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Rounding the Mark: The Inspector Montalbano Mysteries - Book 7 [Kindle Edition]

Andrea Camilleri
4.7 out of 5 stars  See all reviews (91 customer reviews)

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Book Description

He began swimming in slow, broad strokes. The sea smelled harsh, stinging his nostrils like champagne, and he nearly got drunk on it . . . In a fraction of a second, Montalbano realized he’d struck a human foot. Somebody else was floating right beside him, and he hadn’t noticed.“Excuse me,” he said hastily, flipping back onto his belly and looking over at the other.The person beside him didn’t answer, because he wasn’t doing the dead man’s float. He was actually dead. And, to judge from the way he looked, he’d been so for quite a while.



Increasingly disillusioned with his government and the world in general, Inspector Montalbano is considering retirement. He is starting to feel his age, and even his favourite restaurant has closed. But when he bumps into a dead body during a bracing swim, his detective instincts are aroused once more. Particularly when the most likely identity of the victim is a man already long buried . . .


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Review

Peppered with comments on Italian life, politics and the media, his stories are not only a joy to read, but also literary works in their own right. --New Statesman

Camilleri has created such a realistic and likeable hero that his books are both instructive and enjoyable; and the Sicilian setting is fascinating. Technically this is a police procedural; actually, it is an insightful psychological study of a good man in a deviant world. --Literary Review

Daily Telegraph

'...grouch who loves to eat with his hands and cannot tolerate ties...gentle farce, slick plotting and catchphrases lovingly rehearsed...'

Product details

  • Format: Kindle Edition
  • File Size: 874 KB
  • Print Length: 273 pages
  • Page Numbers Source ISBN: 014303748X
  • Publisher: Picador (10 Dec. 2010)
  • Sold by: Amazon Media EU S.à r.l.
  • Language: English
  • ASIN: B004KSRQ5K
  • Text-to-Speech: Enabled
  • X-Ray:
  • Word Wise: Enabled
  • : Not Enabled
  • Average Customer Review: 4.7 out of 5 stars  See all reviews (91 customer reviews)
  • Amazon Bestsellers Rank: #6,743 Paid in Kindle Store (See Top 100 Paid in Kindle Store)
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More About the Author

Andrea Camilleri is one of Italy's most famous contemporary writers. His Montalbano series has been adapted for Italian television and translated into nine languages. He lives in Rome. Stephen Sartarelli is an award-winning translator. He is also the author of three books of poetry, most recently The Open Vault. He lives in France.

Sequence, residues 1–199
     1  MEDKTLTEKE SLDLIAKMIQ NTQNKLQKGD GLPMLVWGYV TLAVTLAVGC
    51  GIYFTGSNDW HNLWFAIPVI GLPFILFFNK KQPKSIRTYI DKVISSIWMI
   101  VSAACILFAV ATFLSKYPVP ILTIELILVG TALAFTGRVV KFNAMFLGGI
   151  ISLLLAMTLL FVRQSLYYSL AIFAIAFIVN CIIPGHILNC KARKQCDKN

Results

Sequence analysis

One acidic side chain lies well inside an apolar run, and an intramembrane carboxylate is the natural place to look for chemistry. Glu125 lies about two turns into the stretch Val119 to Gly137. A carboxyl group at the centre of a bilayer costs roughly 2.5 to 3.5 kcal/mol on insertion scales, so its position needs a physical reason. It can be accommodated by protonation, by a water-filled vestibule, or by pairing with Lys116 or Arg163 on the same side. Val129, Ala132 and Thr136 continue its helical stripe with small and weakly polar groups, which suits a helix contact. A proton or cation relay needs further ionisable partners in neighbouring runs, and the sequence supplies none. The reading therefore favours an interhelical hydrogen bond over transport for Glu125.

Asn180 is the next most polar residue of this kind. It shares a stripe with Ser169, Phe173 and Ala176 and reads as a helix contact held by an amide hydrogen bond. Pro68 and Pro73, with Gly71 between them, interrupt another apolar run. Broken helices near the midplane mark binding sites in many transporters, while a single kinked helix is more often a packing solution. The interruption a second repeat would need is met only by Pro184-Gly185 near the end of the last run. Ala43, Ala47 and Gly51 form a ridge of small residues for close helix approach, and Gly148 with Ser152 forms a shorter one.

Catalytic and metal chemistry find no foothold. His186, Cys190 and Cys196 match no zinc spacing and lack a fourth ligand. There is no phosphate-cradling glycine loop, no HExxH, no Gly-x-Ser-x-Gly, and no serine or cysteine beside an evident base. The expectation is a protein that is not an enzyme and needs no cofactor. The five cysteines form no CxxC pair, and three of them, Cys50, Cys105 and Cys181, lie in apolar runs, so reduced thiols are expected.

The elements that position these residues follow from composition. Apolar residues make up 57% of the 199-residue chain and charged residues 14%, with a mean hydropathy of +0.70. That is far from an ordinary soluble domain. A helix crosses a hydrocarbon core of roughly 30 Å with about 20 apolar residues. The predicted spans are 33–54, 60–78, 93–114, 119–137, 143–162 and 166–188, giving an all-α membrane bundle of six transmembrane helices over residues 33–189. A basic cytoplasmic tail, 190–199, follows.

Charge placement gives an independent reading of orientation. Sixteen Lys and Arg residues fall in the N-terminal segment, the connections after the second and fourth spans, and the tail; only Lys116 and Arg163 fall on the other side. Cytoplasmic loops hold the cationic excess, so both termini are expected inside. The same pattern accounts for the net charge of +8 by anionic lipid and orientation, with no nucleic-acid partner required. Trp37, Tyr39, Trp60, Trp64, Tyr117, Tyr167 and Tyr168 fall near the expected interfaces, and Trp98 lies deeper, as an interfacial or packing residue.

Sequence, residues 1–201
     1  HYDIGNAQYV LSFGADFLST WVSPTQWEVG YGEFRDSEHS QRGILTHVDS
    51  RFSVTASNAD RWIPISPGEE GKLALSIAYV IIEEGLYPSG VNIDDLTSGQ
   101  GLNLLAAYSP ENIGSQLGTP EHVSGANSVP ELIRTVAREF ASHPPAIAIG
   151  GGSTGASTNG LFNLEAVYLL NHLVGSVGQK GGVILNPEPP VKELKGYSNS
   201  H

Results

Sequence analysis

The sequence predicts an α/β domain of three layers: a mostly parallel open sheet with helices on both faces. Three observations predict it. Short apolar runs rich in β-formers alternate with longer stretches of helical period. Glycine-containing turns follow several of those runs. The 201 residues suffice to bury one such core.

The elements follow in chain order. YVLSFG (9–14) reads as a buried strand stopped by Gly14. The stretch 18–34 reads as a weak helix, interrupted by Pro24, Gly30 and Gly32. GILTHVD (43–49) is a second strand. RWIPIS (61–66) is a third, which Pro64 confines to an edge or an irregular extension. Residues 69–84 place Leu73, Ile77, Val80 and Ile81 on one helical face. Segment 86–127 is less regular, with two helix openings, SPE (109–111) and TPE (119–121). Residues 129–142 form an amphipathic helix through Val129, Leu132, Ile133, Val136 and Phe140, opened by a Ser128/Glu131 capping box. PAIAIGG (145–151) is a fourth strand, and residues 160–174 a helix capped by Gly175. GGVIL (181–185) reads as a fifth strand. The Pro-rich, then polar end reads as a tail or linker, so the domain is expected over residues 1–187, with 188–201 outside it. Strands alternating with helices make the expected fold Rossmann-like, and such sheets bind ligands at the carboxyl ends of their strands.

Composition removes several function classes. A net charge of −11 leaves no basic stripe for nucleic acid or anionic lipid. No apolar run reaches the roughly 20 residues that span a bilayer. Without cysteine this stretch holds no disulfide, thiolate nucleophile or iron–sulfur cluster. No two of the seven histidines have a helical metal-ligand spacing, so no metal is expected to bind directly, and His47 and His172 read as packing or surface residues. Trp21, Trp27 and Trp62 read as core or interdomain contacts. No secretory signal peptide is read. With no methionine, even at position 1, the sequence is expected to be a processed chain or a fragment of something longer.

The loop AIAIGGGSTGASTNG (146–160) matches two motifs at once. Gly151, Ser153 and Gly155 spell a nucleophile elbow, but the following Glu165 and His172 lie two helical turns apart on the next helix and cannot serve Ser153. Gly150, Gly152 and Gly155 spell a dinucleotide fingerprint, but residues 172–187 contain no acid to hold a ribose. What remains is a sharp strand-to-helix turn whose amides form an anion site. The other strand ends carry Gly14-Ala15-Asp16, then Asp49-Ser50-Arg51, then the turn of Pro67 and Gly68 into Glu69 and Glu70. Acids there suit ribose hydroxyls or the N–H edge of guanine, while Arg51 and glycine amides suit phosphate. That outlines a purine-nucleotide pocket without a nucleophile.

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Customer Reviews

4.7 out of 5 stars
4.7 out of 5 stars
Most Helpful Customer Reviews
7 of 7 people found the following review helpful
5.0 out of 5 stars Sicilian (mal)contentment 12 July 2008
By Michael Watson TOP 1000 REVIEWER VINE VOICE
Format:Paperback|Verified Purchase
I came late to the joys of the writing of Andrea Camilleri and his flawed and ageing Inspector Salvo Montalbano. Which is a tragedy for me since I dislike going back to earlier stories when I already know how the characters have evolved.

Fortunately, I came across 'The Scent of the Night' whilst on holiday so ordered this book ready for my return. I'm glad I did. This is the seventh in the series; I've no idea how many more can be created by the author but both books I've read are simply full of warmth in the writing, seriousness in the characterisation and, on top of all that, there is the added bonus of a good few snippets of Sicilian food recipes.

Camilleri, ably aided by his excellent translator, creates a picture of Sicily which you cannot help but enjoy. In a way, that there are bodies to be found (sometimes in very unexpected situations), that a murderer (or murderers) need apprehending, that the Inspector does not get on too well (to say the least) with his superiors, all this is almost incidental to way you gradually sink into the life and times of the somewhat slow-moving and ponderous Italian police force. That his love life swings like a slow-motion pendulum just piles up the pleasure for the reader.

As a mixture of Columbo, Maigret and perhaps a dash of Marlowe, this detective inspector is an excellent recipe in his own right!

I just loved this book; I hope you do, too.
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44 of 47 people found the following review helpful
4.0 out of 5 stars ROUNDING THE MARK 6 Aug. 2007
Format:Hardcover
Inspector Montalbano is mightily cheesed off. His dislike of the current government has been heightened by the revelation that they ordered that evidence be fabricated against a group of political protesters in order to justify their detention. The fact that the high-ups in the police went along with it is the last straw. Montalbano has decided he's going to quit the police.